Converting to Standard Form Premise 1. Without the new National Missile Defense System, the US is vulnerable to nuclear attacks in the future from "rogue nations. Premise 2. Computer scientists and engineers have testified that they can design a computer-guided missile defense system that is both safe and reliable. Premise 3. The US must do whatever is necessary to preserve the military defense of the nation and the safety of its citizens. ____________________________________________________ Conclusion. Therefore, the US should build the new National Missile Defense System.
Figure 3-1 Arguments ValidInvalid The assumed truth of the premises is sufficient to guarantee the conclusion. Premises (even when true) do not guarantee the conclusion.
NMD Argument Reconstructed Premise 1. Without the new National Missile Defense System, the US is vulnerable to nuclear attacks in the future from "rogue nations. Premise 2. Computer scientists and engineers have testified before Congress that they can design a computer-guided missile defense system that is both safe and reliable. Premise 3. The US must do whatever is necessary to preserve the military defense of the nation and the safety of its citizens. Premise 4. The national missile defense system is necessary to preserve the defense and safety of the US and its citizens. ____________________________________________________ Conclusion. Therefore, the US should build the new National Missile Defense System.
Figure 3-2 Valid Arguments Sound Unsound All the premises are true.At least one premise is false.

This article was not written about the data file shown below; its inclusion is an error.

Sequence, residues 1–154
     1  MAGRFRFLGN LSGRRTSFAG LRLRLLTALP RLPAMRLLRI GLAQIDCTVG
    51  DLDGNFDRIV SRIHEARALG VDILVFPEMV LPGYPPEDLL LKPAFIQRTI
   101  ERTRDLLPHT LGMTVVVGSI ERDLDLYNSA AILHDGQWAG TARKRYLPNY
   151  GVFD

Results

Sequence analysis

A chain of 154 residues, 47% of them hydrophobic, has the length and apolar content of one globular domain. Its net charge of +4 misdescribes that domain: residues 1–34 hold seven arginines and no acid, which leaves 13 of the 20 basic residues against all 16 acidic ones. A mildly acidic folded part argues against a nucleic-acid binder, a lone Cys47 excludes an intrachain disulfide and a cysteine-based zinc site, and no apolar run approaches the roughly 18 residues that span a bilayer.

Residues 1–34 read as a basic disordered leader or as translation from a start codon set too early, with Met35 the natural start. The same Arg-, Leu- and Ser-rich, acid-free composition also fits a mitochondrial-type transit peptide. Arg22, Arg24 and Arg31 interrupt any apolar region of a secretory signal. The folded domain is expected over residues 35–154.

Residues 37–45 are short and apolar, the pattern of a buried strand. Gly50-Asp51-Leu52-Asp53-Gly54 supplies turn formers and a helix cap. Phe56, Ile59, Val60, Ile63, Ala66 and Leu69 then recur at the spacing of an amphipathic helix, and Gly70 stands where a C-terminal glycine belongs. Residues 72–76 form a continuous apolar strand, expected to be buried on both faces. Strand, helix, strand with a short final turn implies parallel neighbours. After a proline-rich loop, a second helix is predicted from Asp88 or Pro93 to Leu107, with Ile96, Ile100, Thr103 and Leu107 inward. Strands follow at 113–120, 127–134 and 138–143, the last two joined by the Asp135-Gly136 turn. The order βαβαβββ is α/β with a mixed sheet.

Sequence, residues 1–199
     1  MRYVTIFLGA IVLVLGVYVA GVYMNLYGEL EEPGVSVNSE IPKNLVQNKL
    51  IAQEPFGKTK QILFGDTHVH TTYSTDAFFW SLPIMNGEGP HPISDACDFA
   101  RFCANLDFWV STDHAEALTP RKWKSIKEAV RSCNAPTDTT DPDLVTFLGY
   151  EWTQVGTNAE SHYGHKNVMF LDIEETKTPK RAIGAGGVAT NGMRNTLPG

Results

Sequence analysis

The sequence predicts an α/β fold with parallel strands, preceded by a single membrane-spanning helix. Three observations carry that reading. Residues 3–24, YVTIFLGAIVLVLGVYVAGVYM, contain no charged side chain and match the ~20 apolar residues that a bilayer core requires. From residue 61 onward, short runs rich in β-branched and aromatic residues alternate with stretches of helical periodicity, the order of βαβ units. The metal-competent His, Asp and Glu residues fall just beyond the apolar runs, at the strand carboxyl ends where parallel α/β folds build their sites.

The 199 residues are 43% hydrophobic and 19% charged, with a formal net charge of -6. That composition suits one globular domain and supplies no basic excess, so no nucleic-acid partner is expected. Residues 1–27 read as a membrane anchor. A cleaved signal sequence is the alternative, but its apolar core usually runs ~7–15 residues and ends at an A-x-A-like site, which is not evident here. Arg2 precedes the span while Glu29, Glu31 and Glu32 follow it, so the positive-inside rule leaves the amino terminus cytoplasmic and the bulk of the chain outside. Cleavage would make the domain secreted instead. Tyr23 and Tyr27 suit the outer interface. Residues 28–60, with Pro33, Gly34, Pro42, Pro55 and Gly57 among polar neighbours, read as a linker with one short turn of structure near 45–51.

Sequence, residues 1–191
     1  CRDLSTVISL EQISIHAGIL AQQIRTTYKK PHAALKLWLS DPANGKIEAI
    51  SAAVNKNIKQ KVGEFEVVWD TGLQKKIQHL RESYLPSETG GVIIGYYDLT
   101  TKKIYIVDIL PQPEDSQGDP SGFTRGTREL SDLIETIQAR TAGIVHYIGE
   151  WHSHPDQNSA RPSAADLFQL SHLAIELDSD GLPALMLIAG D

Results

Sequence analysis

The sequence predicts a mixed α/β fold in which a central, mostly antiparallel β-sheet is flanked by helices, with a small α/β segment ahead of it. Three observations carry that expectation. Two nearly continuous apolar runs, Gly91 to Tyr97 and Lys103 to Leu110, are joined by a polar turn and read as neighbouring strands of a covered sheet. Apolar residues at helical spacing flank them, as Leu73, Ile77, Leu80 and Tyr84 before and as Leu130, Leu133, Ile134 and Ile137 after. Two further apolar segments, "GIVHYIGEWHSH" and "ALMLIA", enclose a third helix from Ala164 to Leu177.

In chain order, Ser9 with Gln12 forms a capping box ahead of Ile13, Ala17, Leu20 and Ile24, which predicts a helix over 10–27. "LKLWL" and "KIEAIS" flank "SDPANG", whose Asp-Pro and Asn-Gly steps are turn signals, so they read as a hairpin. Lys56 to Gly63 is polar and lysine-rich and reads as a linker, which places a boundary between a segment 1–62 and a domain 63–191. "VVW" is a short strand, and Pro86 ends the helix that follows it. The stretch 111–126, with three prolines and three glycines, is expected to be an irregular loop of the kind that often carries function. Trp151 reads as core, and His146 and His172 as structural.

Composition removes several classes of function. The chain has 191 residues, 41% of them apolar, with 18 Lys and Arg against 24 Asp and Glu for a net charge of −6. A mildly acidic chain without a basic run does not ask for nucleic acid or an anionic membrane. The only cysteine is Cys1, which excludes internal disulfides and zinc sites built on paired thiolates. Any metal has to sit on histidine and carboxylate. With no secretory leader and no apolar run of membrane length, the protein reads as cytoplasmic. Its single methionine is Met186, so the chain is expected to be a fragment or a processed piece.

Figure 3-3 Invalid Arguments InductiveFallacious Conclusion likely follows from assuming the truth of the premises. Conclusion does not likely follow from assuming the truth of the premises.
Seven-step Strategy for Evaluating Arguments: I Step 1. Convert the argument into standard form. (List the premises first, followed by the conclusion.) Step 2. Test the argument for its reasoning strength to see whether it is valid or invalid. (Assume the premises to be true, and ask yourself whether the conclusion must also be true when those premises are assumed true. Is a counterexample to the argument possible?) Step 3. Is the argument valid? If yes, go to Step 4. If no, go to Step 5. Step 4. Is the (valid) argument also sound? That is, are the premises true in the actual world? 4a. If the argument is valid and if all of the premises are true in the actual world, then the argument is also sound. (To determine truth-values for statements, see Appendix E.) 4b. If the argument is valid, but one or more premises can be shown to be either false or not capable of being verified in the actual world, then argument is unsound. ( Part 1: Steps 1-4)
Seven-Step Strategy For Evaluating Arguments: II Step 5. Is the (invalid) argument inductive or fallacious? (How likely will the conclusion be true when the premises are assumed true?) 5a. If the conclusion would likely be true because the premises are assumed true, the argument is inductive. 5b. If the conclusion would not likely be true even when the premises are assumed true, the argument is fallacious. (Keep in mind that a fallacious argument can be made up of Individual claims that are themselves true in the actual world.) Step 6. Determine whether the premises in your argument are either true or false. Step 7: Make an overall assessment of the argument. That is, describe the argument's strength of reasoning in conjunction with the truth conditions of the argument's premises. For example, is the argument inductive with all true premises? Is it inductive with some false premises? Is it fallacious with a mixture of true and false premises, and so forth? Remember that an inductive argument with premises that are all true is stronger than a valid argument with one or more false premises.) (Part II: See Steps 1-4 on previous slide)